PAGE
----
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Go Back   SailNet Community > Out There > Cruising & Liveaboard Forum > Living Aboard
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  #41  
Old 06-04-2012
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Re: share with me, your words of wisdom

I agree with some of the other comments that have been made already.....First of all, if you have never lived on a boat before and are new to sailing in general, you may want to start off with a less expensive boat. There's no need to spend 6-7K on yr first boat. Also, don't get hung up on particular brands, such as Catalina, or any other brand for that matter. Just because a boat is a particular brand does not ensure that it is structurally sound/seaworthy. Yes, some brands do have better reputations than others as far as quality of construction, but don't rely on that. Each boat being considered needs to be thouroughly inspected bow to stern. Also, in some cases, you may find that "production" boats may lack quality construction. For instance, the thickness of the hull may be less than desirable, keel bolts may have been used (rather than an integrated keel), decks, or even hulls may be cored with materials other than fiberglass (which can result in MAJOR problems if any water has leaked into the cored material). In general, I would suggest looking for a hand laid fiberglass hull that is not cored and has an integrated keel, rather than keel bolts, and solid fiberglass decks, rather than cored. These features are much harder to find on the newer boats and even alot of the older production boats. However, many boats built in the 70s do have thicker, hand laid solid fiberglass hulls, integrated keels, and solid fiberglass decks. You could purchase one of these older boats, which would most likely be a "fixer upper", like you said you wanted, at a very good price. A boat such as this would have structural integrity and you wouldn't have to worry about the possibility of any cores having water damage, resulting in soft decks, or worse, and that can run into many thousands of dollars to repair. I do not want to offend anyone so I will not mention brands of production boats that you should avoid but will say that certain brands of older boats, such as Morgans, Endeavors, & Irwins are known for quality construction. However, the way they are built does make them heavier and slower but if your primary purpose is to live aboard, not race, I would much rather have a sturdy boat that can handle rough seas/storms without a problem than to have a fast boat that I'm scared to take into the ocean. If you are looking for the most space for the length of the boat, Morgans are known to be roomy.
Even a well cared for older boat will most likely need the electronic navagation equipment updated, as some still have LORAN systems, which are now obselete. A simple way to avoid having to worry about all of this is to get a professional survey by a reputable company/individual. Sometimes, depending on where you are, you can get one done for as little as $350 and if it saves you from buying a money pit, it's worth every cent.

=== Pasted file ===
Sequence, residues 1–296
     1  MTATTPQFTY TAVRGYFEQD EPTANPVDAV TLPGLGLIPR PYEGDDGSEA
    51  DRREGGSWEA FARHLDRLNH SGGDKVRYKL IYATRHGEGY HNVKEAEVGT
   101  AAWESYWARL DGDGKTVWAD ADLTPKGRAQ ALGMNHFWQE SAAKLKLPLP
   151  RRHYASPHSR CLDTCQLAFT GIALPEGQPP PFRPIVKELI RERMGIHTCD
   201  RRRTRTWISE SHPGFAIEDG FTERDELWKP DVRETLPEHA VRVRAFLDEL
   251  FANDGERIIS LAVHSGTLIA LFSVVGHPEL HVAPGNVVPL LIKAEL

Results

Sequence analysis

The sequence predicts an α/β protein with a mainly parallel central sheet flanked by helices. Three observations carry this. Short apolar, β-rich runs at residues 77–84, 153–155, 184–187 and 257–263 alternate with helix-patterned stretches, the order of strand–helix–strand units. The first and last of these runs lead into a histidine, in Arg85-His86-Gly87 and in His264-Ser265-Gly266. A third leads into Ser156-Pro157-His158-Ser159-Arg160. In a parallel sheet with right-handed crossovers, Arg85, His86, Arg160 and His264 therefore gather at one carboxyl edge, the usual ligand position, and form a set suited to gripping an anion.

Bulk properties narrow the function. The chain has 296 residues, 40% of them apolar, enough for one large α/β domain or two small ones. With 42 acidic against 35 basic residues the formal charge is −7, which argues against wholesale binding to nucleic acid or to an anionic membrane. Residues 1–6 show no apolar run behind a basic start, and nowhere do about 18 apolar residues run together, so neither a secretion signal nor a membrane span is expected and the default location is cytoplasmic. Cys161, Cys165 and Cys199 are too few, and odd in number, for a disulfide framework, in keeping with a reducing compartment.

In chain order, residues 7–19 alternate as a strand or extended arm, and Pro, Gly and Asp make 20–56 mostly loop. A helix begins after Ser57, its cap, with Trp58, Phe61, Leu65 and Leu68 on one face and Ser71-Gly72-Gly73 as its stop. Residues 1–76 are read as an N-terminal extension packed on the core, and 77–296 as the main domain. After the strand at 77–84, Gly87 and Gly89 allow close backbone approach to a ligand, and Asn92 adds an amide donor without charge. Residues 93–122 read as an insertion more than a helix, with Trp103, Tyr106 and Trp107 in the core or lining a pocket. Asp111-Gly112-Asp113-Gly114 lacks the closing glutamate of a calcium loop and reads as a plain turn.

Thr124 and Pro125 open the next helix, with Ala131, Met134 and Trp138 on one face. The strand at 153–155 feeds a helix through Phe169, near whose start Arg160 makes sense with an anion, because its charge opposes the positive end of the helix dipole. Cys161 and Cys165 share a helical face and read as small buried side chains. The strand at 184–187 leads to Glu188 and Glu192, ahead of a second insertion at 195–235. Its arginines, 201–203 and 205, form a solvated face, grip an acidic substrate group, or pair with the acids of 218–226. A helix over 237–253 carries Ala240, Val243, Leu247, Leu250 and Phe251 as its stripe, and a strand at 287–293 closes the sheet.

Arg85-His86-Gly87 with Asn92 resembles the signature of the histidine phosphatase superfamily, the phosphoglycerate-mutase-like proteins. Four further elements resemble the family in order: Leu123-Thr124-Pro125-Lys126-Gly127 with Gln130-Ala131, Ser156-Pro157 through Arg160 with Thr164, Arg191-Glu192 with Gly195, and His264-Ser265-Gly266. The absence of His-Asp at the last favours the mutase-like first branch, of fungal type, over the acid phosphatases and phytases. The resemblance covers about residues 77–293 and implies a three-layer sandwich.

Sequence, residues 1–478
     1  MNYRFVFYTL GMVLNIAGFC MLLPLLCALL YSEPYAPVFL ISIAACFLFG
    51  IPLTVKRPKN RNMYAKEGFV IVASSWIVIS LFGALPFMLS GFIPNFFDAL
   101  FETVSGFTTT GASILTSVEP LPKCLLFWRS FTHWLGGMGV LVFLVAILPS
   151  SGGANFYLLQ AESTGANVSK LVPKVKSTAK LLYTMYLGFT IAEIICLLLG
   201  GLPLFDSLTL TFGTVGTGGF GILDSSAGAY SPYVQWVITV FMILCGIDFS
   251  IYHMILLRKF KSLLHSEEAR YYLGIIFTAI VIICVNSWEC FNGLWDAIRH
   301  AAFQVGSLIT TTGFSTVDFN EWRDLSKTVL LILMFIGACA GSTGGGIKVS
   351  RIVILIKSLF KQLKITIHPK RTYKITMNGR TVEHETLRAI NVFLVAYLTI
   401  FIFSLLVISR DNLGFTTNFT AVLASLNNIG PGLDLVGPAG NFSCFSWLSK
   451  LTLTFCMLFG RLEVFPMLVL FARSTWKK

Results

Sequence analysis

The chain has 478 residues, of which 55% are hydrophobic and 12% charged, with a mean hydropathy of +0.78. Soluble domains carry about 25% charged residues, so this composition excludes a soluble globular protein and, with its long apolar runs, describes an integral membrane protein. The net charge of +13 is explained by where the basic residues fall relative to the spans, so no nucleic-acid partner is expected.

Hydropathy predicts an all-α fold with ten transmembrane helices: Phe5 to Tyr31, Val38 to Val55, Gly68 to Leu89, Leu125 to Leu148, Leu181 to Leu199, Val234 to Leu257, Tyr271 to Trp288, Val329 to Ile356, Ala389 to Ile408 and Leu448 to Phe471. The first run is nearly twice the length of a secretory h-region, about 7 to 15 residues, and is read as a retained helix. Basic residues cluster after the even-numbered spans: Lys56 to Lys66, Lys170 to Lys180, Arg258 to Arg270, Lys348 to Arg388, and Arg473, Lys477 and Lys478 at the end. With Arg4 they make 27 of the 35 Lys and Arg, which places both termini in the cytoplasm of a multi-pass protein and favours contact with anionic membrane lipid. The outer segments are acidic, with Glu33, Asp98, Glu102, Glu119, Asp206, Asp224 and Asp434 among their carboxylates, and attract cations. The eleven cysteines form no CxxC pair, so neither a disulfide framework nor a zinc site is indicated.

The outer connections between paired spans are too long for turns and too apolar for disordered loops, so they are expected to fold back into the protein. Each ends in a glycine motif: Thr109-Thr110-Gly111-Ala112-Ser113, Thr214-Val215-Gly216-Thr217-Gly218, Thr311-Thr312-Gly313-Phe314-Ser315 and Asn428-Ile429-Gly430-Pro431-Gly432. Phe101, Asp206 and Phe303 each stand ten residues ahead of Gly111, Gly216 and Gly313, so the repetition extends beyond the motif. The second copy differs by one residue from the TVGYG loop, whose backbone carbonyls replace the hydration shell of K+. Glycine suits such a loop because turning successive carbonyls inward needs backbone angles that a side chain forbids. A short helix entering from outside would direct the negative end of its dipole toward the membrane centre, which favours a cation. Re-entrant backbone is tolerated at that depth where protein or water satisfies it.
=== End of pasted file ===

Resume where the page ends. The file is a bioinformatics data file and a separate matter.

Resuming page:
If you plan to keep the boat in a wet slip/live in a marina, you do need to find out if that marina requires you to carry boat insurance. Most marinas I've dealt with require a minimum of $300 thousand liability and the cost of boat insurance ranges from $500 up to $2,500 a year, depending on the coverage you select and which company you choose. Another policy I would HIGHLY suggest in either a Tow Boat US or Sea Tow policy. I have Boat US, which costs $150/year and it's the best money I've ever spent. Especially if you're just learning to sail, you will need this policy. For the $150, you get UNLIMITED service, meaning they will tow you to a marina for repairs if needed, bring fuel to you if you run out, jump start your battery, and if you become grounded, they will get you ungrounded, even if it takes hours. Without this policcy, one call to Boat US can run over $1,000 easily.
Some good areas to look for good used boats at reasonable prices are: Oriental, NC, Charleston, SC, Annapolis, MD, and most of Florida (as long as the boat has not been a charter boat). Another way to save money is to have your boat listed as a documented vessel with the Coast Guard. This way you can avoid many of the state renewal and other fees. I hope some of this helps! Remember, these are just my opinions....Consider all advice given to you and then decide for yourself. Good Luck!
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  #42  
Old 06-04-2012
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Re: share with me, your words of wisdom

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Originally Posted by Capt.aaron View Post
The times I've spent anchored for a few months out in some back country wilderness area, I start out missing the bar and town, then I'm good for a while, then I miss town again. When I get back to town, I miss the wilderness and quiet, then I'm ok for a while, then I can't wait to get back out there again. Round and round it goes.
I saw a recent study that showed people had the greatest joy and happiness just before a vacation compared to during or after the event. We do the same thing as Capt.aaron describes. We are thrilled to be off to the wilderness anchorage and then a couple weeks later we're singing and hooting in the cockpit as we're approaching port. We are excited to start an adventure north in the summer and thrilled to be back in "home waters" for the winter. We love to "cut the cord" after languishing at a marina for the monthly rate, but excited to have the chance to plug into shore power a long time later. 'best to enjoy putting the anchor down as bringing it up!
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  #43  
Old 06-05-2012
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Re: share with me, your words of wisdom